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Clearing up misconceptions about the Network Computer
as seen by Oracle

Ever since Oracle Corp founder Larry Ellison introduced his concept of a cheap $500 networked computer last year, the market has scrabbled to work out what the device will actually do. Now the company has begun to fill in the blanks and it becomes apparent that the device won't only be for consumers wanting Internet access, electronic mail and word processing. Indeed such a terminal will be only one in a family of devices, each configured for a specific function: some for communication, some for information browsing and others for entertainment. Oracle is planning a small hand-held device, like a Personal Digital Assistant, that communicates via cellular networks. Oracle reckons it will will be more widely used than current Assistants because it will integrate with existing personal computer- and server-based information. A two way pager is planned too, which will send and receive electronic mail and select data such as stock quotes. Finally, the set-top box will be for use with a television set to give access to interactive services.

Slim-line system

But the devices everyone is talking about are the ones for home and office Internet access, electronic mail and word processing. Each will have a simple operating system to manage network access and the data downloaded. Because it doesn't need to manage so many peripherals it can be a slim-line system which will use less power and memory, says Philip Crawford, managing director of Oracle UK. The amount of memory will vary, but Crawford believes between 2Mb and 4Mb is about right, with some having Flash memory for durable storage. The Network Computer won't need permanent storage since data and applications will be kept on the central server - offered by a service provider for the home or on an in-office server for businesses. The first machines are due around September. Last month Ellison said the Network Computer would come with a free suite of Java applications. "We are writing a Microsoft Office-comparable suite in Java and it will ship free with every Network Computer," US PC Week quotes him as saying at the Upside Technology Summit in Carefree, Arizona. "The applications will be a lot easier to use, and will run on any machine supporting the Java language." The system will have an open application programming interface, and it will be processor- and operating system-independent. The first ones will use either ARM RISCs or iAPX-86 chips. Price, ease of installation and maintenance will be the big selling points, Oracle hopes.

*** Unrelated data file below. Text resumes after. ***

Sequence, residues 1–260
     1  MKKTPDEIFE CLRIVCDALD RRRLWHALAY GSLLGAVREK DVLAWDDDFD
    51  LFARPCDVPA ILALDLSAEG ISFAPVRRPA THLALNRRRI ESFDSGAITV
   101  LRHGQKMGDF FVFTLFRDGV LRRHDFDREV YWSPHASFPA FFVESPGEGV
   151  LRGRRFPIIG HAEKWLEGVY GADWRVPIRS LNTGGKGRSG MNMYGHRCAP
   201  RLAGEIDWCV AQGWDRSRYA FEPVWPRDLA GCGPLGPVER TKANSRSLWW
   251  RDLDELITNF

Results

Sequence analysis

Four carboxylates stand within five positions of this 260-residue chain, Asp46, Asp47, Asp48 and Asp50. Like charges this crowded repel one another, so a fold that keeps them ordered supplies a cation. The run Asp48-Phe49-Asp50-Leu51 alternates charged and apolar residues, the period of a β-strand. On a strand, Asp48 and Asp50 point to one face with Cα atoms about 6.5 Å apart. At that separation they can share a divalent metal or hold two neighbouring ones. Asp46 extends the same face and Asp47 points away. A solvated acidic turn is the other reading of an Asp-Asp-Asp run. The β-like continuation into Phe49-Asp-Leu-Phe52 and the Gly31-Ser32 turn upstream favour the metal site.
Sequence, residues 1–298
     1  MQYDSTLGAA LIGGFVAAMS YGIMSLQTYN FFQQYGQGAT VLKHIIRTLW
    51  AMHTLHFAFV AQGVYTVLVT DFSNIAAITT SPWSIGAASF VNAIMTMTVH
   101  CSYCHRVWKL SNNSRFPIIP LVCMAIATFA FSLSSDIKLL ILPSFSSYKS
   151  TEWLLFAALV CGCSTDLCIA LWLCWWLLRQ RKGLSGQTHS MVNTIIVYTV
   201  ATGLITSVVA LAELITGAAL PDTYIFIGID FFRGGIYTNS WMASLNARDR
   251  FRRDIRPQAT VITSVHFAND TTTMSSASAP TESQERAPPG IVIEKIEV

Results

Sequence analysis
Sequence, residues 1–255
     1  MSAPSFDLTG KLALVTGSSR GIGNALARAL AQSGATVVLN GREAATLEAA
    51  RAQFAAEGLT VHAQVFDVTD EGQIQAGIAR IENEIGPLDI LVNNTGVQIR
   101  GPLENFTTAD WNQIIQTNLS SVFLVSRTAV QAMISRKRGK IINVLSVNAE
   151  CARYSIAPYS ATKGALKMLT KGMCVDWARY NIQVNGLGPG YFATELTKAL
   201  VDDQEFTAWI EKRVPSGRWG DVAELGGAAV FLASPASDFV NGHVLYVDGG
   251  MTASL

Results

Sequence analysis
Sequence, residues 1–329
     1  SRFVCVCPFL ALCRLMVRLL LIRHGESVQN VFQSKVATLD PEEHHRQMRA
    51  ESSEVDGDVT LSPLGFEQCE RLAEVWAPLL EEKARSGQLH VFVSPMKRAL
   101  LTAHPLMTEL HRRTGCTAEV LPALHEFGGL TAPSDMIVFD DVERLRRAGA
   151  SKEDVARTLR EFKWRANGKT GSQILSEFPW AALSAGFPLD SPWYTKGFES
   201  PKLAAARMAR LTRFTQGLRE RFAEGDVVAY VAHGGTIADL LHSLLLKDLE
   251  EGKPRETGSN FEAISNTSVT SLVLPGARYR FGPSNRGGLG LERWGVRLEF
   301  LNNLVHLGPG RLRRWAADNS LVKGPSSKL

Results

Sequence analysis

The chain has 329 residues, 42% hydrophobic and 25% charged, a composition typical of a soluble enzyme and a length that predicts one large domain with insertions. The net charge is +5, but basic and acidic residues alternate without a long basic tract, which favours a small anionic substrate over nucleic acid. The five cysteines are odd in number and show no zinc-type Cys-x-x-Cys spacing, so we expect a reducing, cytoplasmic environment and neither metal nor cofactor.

By Abigail Waraker